I’ve been annoyed that I’ve not been able to change the default Save As/Open locations, as well as changing the 5 options I get on the Places Bar. Here’s what it looks like default:
Category: Windows XP
My last post showed us the simple, though fiddly way of turning off the mail count in the Windows XP login screen. As things turn out, there’s a second, more user friendly way of doing this, although it means installing a new program.
The other day, my girlfriend had been using my computer, and logged into MSN. When I restarted the computer, I noticed this message:
This is both annoying, and it really looks stupid. I mean, sure I get a bit of email, but I rarely have as many as 20 emails in my inbox, and even if I did, my hotmail inbox is not my primary email. Add to that the fact that this count has been taken from my girlfriends’ hotmail and we’re starting to get to the bottom of my frustration. Frankly, I don’t want it to tell people whether there are any unread email at all.
Apparently, there are a few programs that feed into this count; Outlook, Outlook Express, Mozilla Thunderbird and MSN Messenger to mention but a few. So, how do we remove it? As it happens, it is pretty simple to do just that, but it does require some fiddling about in the registry, so if you’re not comfortable with that, just leave it alone and clean up your inbox. Here’s how to do it:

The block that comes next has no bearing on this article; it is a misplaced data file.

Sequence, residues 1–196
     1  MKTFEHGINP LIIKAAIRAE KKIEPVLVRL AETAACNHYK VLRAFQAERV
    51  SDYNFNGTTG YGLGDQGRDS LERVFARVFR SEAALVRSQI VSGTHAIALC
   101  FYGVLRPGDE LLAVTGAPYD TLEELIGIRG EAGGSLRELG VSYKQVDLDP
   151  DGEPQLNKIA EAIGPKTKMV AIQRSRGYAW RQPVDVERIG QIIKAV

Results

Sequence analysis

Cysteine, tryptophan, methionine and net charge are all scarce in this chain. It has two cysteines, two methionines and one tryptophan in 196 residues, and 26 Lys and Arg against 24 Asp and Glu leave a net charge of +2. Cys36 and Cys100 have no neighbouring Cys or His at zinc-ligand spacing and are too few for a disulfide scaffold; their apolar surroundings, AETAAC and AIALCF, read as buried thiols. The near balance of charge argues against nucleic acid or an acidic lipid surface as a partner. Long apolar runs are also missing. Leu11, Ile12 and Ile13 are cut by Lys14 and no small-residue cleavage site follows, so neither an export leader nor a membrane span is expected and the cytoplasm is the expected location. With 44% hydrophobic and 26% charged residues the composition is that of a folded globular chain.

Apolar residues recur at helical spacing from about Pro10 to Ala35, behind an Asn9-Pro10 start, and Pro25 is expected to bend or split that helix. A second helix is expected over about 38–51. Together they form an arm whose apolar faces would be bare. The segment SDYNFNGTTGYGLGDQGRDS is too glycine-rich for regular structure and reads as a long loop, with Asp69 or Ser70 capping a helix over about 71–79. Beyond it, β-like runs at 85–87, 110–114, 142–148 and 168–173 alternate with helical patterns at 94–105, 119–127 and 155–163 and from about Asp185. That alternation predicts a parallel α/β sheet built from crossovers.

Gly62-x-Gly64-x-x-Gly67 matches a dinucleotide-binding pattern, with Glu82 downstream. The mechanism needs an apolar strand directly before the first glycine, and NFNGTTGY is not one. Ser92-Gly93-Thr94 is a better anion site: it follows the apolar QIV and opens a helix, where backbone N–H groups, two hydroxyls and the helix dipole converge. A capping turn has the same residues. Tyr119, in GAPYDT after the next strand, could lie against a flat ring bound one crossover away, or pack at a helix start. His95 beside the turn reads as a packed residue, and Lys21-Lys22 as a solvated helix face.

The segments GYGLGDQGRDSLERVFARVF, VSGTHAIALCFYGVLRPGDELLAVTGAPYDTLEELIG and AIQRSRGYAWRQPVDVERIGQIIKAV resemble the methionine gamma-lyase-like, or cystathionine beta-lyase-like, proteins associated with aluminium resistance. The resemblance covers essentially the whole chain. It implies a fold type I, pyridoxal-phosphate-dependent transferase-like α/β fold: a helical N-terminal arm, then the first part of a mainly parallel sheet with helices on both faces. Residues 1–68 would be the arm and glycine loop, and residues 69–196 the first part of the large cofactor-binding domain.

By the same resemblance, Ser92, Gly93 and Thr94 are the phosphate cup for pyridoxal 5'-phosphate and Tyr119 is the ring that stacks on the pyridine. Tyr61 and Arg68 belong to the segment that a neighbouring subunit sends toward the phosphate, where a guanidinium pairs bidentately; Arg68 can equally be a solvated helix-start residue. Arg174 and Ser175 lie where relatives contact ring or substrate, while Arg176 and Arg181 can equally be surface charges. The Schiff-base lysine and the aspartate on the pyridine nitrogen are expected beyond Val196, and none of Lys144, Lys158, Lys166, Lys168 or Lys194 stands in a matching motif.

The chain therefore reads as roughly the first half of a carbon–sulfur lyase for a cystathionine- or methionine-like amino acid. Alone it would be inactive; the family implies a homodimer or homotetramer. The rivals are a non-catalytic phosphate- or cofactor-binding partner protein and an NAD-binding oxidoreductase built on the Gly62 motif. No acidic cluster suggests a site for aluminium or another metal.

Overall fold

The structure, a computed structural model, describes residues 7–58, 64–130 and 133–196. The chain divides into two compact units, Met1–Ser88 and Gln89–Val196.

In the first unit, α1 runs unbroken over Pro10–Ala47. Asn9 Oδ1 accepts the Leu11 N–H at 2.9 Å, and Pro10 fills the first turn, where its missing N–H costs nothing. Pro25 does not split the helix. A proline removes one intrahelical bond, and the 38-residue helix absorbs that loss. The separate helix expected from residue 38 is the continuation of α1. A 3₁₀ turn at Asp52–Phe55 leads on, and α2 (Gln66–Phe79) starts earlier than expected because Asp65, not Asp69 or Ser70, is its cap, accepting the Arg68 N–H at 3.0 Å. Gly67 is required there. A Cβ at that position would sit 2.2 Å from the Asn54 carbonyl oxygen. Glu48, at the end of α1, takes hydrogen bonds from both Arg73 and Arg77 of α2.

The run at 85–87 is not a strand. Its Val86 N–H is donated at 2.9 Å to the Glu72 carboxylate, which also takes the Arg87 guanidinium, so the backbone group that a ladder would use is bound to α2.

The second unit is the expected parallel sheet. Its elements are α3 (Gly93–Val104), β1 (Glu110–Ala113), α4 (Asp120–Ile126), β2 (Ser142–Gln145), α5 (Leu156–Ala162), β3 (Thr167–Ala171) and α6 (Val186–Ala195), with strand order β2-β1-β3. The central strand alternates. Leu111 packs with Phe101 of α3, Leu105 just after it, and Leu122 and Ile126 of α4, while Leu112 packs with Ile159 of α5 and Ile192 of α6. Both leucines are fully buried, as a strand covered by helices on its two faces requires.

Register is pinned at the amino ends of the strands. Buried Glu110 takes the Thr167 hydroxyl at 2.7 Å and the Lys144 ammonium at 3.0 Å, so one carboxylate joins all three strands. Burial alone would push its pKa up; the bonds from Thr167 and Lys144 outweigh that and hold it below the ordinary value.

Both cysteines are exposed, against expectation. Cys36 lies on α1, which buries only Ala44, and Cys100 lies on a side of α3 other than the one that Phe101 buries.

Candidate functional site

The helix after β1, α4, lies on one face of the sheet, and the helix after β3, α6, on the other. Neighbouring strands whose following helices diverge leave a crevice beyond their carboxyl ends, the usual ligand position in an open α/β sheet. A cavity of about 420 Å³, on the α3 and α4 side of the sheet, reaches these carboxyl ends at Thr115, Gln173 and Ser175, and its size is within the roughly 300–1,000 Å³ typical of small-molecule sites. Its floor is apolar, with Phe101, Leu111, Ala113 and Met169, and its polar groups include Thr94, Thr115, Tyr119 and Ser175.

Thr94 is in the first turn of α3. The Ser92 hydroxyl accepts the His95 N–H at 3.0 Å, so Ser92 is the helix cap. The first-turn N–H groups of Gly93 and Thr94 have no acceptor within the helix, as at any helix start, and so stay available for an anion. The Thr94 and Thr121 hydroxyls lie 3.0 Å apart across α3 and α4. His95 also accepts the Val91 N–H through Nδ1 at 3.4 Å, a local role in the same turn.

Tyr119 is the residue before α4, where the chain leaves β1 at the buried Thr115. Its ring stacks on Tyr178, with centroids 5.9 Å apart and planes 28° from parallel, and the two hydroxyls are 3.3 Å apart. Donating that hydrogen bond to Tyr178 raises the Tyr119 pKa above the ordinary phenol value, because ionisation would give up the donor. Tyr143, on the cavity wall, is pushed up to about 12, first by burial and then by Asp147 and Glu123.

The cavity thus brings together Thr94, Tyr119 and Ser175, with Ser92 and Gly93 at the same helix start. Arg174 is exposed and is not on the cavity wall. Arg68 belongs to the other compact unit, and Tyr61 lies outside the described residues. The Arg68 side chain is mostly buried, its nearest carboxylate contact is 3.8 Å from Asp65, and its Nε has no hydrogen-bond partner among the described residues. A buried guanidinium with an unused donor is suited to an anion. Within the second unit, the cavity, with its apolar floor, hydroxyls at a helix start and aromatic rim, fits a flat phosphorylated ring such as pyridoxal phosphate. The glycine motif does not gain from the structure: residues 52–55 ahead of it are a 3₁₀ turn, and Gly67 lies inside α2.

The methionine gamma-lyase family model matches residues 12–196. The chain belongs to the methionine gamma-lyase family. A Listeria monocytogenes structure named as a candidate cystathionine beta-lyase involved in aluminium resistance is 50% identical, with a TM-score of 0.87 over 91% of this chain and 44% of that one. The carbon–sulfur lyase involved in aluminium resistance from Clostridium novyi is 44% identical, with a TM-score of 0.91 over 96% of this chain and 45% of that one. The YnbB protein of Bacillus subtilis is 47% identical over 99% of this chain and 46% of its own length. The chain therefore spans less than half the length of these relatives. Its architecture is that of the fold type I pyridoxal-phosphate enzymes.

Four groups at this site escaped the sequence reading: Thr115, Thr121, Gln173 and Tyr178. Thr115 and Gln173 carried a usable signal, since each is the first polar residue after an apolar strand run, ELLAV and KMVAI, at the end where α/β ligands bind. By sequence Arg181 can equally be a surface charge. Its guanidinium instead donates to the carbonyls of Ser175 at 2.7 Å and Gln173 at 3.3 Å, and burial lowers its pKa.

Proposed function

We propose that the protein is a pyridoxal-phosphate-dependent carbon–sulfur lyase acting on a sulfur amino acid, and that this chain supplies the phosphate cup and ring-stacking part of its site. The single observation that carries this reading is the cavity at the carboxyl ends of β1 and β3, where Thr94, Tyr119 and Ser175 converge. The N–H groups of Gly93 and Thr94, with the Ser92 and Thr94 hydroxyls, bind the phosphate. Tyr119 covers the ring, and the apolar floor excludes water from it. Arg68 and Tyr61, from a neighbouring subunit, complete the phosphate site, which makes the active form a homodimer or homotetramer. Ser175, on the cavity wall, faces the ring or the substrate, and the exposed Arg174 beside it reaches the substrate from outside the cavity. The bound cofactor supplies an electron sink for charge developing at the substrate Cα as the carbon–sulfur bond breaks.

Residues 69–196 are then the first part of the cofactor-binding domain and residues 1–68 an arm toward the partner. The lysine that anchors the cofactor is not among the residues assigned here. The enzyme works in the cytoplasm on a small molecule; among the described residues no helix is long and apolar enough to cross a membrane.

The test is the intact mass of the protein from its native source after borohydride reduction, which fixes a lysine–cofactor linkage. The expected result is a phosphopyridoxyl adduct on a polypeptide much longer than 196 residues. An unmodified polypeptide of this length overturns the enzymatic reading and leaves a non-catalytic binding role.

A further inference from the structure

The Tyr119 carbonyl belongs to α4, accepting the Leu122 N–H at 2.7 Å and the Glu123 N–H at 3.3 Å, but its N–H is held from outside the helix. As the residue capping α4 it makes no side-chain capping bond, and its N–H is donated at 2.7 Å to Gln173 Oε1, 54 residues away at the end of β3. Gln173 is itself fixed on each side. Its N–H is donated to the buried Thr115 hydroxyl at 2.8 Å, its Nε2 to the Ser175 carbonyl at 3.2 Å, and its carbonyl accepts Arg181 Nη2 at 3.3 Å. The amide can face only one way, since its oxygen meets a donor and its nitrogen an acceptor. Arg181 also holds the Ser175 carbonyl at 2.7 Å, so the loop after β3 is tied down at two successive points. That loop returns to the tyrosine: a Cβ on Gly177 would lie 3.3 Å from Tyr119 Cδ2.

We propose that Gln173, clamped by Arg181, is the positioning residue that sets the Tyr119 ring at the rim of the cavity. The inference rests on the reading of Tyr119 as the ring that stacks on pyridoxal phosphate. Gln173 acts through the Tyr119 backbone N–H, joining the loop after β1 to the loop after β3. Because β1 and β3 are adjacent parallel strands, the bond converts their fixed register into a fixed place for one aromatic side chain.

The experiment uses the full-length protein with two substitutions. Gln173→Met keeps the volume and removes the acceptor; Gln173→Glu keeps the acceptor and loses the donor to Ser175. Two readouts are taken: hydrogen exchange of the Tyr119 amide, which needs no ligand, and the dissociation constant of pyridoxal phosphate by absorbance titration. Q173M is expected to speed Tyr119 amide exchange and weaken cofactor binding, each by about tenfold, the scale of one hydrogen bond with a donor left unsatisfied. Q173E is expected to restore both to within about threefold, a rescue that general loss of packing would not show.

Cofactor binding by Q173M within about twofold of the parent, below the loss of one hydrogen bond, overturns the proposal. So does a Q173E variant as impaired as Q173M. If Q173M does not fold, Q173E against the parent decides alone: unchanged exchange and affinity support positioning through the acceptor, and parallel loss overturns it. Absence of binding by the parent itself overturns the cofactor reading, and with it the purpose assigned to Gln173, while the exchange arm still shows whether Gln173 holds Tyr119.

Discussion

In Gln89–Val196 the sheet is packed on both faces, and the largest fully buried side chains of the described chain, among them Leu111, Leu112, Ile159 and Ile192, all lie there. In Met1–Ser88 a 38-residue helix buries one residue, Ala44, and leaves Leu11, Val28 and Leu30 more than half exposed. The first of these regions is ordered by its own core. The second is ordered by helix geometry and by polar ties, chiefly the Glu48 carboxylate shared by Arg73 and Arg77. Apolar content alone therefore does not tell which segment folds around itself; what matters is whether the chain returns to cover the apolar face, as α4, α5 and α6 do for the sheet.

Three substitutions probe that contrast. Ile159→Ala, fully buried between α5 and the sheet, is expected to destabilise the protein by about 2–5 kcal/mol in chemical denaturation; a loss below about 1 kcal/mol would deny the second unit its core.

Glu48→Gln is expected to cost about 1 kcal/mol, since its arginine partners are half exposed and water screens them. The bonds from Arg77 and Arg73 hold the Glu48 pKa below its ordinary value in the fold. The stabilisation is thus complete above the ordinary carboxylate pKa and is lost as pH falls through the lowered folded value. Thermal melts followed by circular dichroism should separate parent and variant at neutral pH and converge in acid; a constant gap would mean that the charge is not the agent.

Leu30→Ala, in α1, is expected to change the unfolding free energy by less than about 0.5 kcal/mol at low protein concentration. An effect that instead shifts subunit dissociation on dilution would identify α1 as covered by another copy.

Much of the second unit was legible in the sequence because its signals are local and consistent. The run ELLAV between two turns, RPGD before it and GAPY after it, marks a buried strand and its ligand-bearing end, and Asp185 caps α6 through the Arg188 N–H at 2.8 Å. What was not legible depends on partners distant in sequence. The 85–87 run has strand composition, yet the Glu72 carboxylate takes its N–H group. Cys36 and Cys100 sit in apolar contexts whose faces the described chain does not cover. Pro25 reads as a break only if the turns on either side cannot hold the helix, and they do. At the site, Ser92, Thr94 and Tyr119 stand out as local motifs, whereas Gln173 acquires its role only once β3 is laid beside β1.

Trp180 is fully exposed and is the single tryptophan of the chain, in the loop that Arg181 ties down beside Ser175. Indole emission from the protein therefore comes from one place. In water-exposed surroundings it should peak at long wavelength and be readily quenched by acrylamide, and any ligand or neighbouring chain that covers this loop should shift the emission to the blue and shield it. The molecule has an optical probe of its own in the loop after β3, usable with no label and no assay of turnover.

Have you ever returned to your computer only to find it having restarted, and all of your data gone? For a myriad of reasons, I keep my computers running continuously for a long time at a time. This makes this insistence on a reboot not only annoying, but in its extremes, it can actually make me lose work. To prevent this, I have disabled the auto-reboot, and I am no longer annoyed with repeated requests for reboots.
Why would one want to change the default Program Files folder? I like to compartmentalize my disks so that should something go wrong, I can still recover data after a reinstallation. Part of preparing this is the fact that all of my computers’ main hard drives (HDD) are partitioned into a minimum of two partitions, a 5GB one for the system, and only the system, and the rest for everything else.
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